(This article belongs to the Special Issue Polymer Translocation)
Show Figures

Figure 1

Open AccessArticle
Inferring Active Noise Characteristics from the Paired Observations of Anomalous Diffusion
Polymers 2019, 11(1), 2; https://doi.org/10.3390/polym11010002 - 20 Dec 2018
Abstract
Anomalous diffusion has been most often argued in terms of a position fluctuation of a tracer. We here propose the other fluctuating observable, i.e., momentum transfer defined as the time integral of applied force to hold a tracer’s position. Being a conjugated variable, [...] Read more.
Anomalous diffusion has been most often argued in terms of a position fluctuation of a tracer. We here propose the other fluctuating observable, i.e., momentum transfer defined as the time integral of applied force to hold a tracer’s position. Being a conjugated variable, the momentum transfer is thought of as generating the anomalous diffusion paired with the position’s one. By putting together the paired anomalous diffusions, we aim to extract useful information in complex systems, which can be applied to experiments like tagged monomer observations in chromatin. The polymer being in the equilibrium, the mean square displacement (or variance) of position displacement or momentum transfer exhibits the sub- or superdiffusion, respectively, in which the sum of the anomalous diffusion indices is conserved quite generally, but the nonequilibrium media that generate the active noise may manifest the derivations from the equilibrium relation. We discuss the deviations that reflect the characteristics of the active noise. Full article
(This article belongs to the Special Issue Polymer Translocation)
Show Figures

Figure 1

Open AccessArticle
Dielectric Trapping of Biopolymers Translocating through Insulating Membranes
Polymers 2018, 10(11), 1242; https://doi.org/10.3390/polym10111242 - 09 Nov 2018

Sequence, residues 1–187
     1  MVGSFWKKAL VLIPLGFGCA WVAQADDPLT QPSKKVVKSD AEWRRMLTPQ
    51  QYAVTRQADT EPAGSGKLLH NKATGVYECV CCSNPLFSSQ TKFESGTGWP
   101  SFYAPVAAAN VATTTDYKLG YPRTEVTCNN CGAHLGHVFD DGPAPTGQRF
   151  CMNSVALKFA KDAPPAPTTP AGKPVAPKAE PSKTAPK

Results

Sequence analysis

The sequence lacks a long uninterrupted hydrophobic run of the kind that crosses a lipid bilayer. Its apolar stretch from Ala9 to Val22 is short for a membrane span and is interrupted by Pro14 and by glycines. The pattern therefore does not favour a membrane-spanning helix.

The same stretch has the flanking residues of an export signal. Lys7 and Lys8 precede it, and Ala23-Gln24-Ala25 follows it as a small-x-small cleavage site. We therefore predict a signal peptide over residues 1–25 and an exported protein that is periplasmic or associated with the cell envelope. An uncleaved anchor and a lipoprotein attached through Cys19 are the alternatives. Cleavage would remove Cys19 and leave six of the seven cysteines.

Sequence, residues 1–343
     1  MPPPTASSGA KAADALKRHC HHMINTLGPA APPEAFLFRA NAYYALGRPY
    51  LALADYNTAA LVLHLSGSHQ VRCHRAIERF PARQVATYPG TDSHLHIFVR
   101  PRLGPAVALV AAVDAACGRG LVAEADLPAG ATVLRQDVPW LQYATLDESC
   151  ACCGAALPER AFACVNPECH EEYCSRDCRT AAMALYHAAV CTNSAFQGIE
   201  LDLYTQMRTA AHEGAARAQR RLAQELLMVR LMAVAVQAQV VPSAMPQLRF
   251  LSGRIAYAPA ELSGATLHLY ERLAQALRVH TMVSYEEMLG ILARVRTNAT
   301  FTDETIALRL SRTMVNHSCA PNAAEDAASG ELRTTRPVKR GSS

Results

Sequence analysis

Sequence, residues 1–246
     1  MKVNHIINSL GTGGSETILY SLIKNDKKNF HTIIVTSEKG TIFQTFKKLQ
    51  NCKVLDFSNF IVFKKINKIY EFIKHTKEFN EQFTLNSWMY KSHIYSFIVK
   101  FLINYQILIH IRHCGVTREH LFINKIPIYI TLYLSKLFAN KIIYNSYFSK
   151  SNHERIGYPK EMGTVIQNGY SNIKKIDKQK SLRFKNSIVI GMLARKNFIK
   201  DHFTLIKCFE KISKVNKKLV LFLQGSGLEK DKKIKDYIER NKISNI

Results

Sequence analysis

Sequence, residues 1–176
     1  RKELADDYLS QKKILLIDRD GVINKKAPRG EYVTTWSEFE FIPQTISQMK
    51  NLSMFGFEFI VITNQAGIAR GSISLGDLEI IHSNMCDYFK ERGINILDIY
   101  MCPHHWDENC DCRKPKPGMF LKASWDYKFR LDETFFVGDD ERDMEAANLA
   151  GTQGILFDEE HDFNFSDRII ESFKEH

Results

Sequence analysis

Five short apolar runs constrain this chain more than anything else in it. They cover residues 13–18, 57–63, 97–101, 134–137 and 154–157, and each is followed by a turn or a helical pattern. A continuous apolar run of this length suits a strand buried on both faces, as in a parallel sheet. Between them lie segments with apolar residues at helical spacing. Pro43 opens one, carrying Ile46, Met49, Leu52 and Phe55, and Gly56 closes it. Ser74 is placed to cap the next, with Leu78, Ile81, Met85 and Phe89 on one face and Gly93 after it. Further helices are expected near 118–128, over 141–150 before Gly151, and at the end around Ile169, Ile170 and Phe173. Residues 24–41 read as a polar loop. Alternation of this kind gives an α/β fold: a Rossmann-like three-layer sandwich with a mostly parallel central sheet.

Cited by 1
Abstract
Sensitive sequencing of biopolymers by nanopore-based translocation techniques requires an extension of the time spent by the molecule in the pore. We develop an electrostatic theory of polymer translocation to show that the translocation time can be extended via the dielectric trapping of [...] Read more.
Sensitive sequencing of biopolymers by nanopore-based translocation techniques requires an extension of the time spent by the molecule in the pore. We develop an electrostatic theory of polymer translocation to show that the translocation time can be extended via the dielectric trapping of the polymer. In dilute salt conditions, the dielectric contrast between the low permittivity membrane and large permittivity solvent gives rise to attractive interactions between the c i s and t r a n s portions of the polymer. This self-attraction acts as a dielectric trap that can enhance the translocation time by orders of magnitude. We also find that electrostatic interactions result in the piecewise scaling of the translocation time τ with the polymer length L. In the short polymer regime L 10 nm where the external drift force dominates electrostatic polymer interactions, the translocation is characterized by the drift behavior τ L 2 . In the intermediate length regime 10 nm L κ b 1 where κ b is the Debye–Hückel screening parameter, the dielectric trap takes over the drift force. As a result, increasing polymer length leads to quasi-exponential growth of the translocation time. Finally, in the regime of long polymers L κ b 1 where salt screening leads to the saturation of the dielectric trap, the translocation time grows linearly as τ L . This strong departure from the drift behavior highlights the essential role played by electrostatic interactions in polymer translocation. Full article
(This article belongs to the Special Issue Polymer Translocation)